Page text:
This seems kind of stupid. Since BBC World is (mostly, I think) owned by the BBC, they could surely take the advertising revenue hit and let UK viewers access the pages ad-free. A lot of the content on BBC World appears to come from the main BBC anyway - for instance, this bamboo news I heard last week in the 'In Our Time' show on BBC Radio 4 (taxpayer-funded).
I don't know the answer to this, but looking at some LIGO charts (http://www.ligo.caltech.edu/advLIGO/images/refdes03.gif) they seem to be looking at 10-100Hz (roughly). Are there interesting or even expected sources in the frequency band investigated in this paper?
Gravitational waves are emitted at a wide spectrum of frequencies by different astronomical bodies. LIGO's frequency range is limited mostly by seismic activity at the low end and radiation pressure noise (essentially the momentum imparted by photons hitting mirrors) at the high end. It's about as well as we can do on Earth, currently. Indirect detections via astronomical techniques can avoid the issue of seismic activity disrupting measurements, and so it is possible to look at much lower frequencies. These frequencies, however, correspond to different sources to the ones LIGO can potentially see, so we can learn new information about different parts of our universe from both detection techniques.
Where does a gravity wave theoretically come from? All I can imagine is that they would come from a mass increasing or decreasing in magnitude, and I don't know of any way that happens.
The Guardian article refers to a detector which might have made an indirect detection of gravitational waves.
If two massive bodies such as neutron stars or black holes collide, the energy they lose in the form of gravitational energy is propagated away in waves. These waves are ripples in spacetime, and they are quadropolar in nature. This means that they stretch spacetime in one direction while squeezing it in the other.
Gravitational waves form part of the predictions of Einstein's Theory of General Relativity. They are the last piece of the theory yet to receive a direct detection. A notable indirect detection of gravitational waves is the measurements of the orbital decay of the PSR B1913+16 binary pulsar, for which Hulse and Taylor received the Nobel Prize in 1993.
For the purposes of direct detection of these waves, on Earth we've set up a network of laser interferometers (the major players are Advanced LIGO, Advanced Virgo, GEO-HF and KAGRA, though all but GEO are currently in the process of being commissioned). If we arrange our detectors on Earth at right angles, we become optimally sensitive to the majority of gravitational wave sources. If the masses of the bodies involved in the collision are big enough, the ripples in spacetime will be strong enough to change the time in which it takes light to travel along each arm of the interferometer - in one arm the light will take longer time to travel, and in the other it will take shorter time. If we recombine the light in each arm, we can sense via the interference pattern of the light whether a gravitational wave has passed through the detector. In practice there are loads of other signal sources present in the interferometer, and quantifying and eliminating these sources of noise are the major tasks facing these detectors. With these noise sources accounted for, the first direct detection of gravitational waves might be made in the next few years.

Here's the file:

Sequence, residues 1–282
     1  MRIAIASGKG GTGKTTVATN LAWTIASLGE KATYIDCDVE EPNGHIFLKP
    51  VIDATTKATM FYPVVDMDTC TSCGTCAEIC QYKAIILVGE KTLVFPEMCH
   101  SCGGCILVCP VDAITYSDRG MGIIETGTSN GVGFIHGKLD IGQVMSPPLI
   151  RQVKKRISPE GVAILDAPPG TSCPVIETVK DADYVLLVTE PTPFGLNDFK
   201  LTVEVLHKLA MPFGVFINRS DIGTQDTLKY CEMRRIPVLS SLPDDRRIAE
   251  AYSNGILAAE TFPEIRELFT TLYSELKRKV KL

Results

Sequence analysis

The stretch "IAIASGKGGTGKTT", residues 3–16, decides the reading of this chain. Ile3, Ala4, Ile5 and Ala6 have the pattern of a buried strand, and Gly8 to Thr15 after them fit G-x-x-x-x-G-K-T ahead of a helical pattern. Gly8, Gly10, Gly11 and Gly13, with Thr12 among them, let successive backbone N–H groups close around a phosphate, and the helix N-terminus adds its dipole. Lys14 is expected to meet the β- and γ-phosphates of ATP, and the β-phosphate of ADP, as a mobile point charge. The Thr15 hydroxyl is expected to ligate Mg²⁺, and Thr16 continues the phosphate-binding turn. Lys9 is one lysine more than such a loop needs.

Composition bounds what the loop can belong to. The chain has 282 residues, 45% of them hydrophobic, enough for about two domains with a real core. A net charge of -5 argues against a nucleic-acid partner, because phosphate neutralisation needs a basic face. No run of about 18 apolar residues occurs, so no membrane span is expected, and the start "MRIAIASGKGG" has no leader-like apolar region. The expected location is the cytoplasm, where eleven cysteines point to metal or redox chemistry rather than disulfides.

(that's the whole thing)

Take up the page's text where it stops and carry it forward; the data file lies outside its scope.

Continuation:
The LISA project referred to in the main article is dead since NASA pulled out funding. The project lives on in the form of the ELISA project, funded by European organisations. This has tentative approval for launch in the next 20 years. This mission is not intended to directly detect the 'first' gravitational wave, but rather to detect them in abundence. Indeed, the problem with this type of detector is dealing with the huge number of potential detections. ELISA is also designed to detect waves in a completely different spectrum from the ground detectors, and from different astronomical sources. By the time ELISA launches it is likely that the network of detectors as part of the LIGO Scientific Community will have made the first detection, here on Earth.
It's already a stupid idea to make YouTube negotiate royalties with every national body whether an artist is based there or not. Videos are being blocked from US and UK artists in Germany because the German record industry can't negotiate terms. That's silly.
I know I'm making a lot of suppositions here, but I really have very little sympathy for most record companies and their collective bodies.
Where other games are pretty and complex, OpenTTD is just about micromanaging a massive transport network. It's really consuming. I've lost evenings to the game for years. Sometimes I don't play it for up to a year, then go back to it and lose a month.
Loans for living expenses are also provided on a means-tested basis, and these are paid back by graduates only once they start to earn enough money. If they never earn enough money, they never have to pay their loan back. Also, if they haven't paid their loan back in full by the age of 50 (or something like that) then it is written off. These loans are provided by a semi-governmental organisation which has the power to collect the fees like any bank, so fleeing abroad will work only as well as it would for any kind of loan.
This probably sounds crazy to most Americans, but it works, and it receives overwhelming public support. It seems the only people complaining regularly are the universities who say they make a loss providing the education, but this argument is usually muted when you consider the huge amount of money the government spends on research in these universities (and lecturers are usually also researchers, so you can't really separate the two).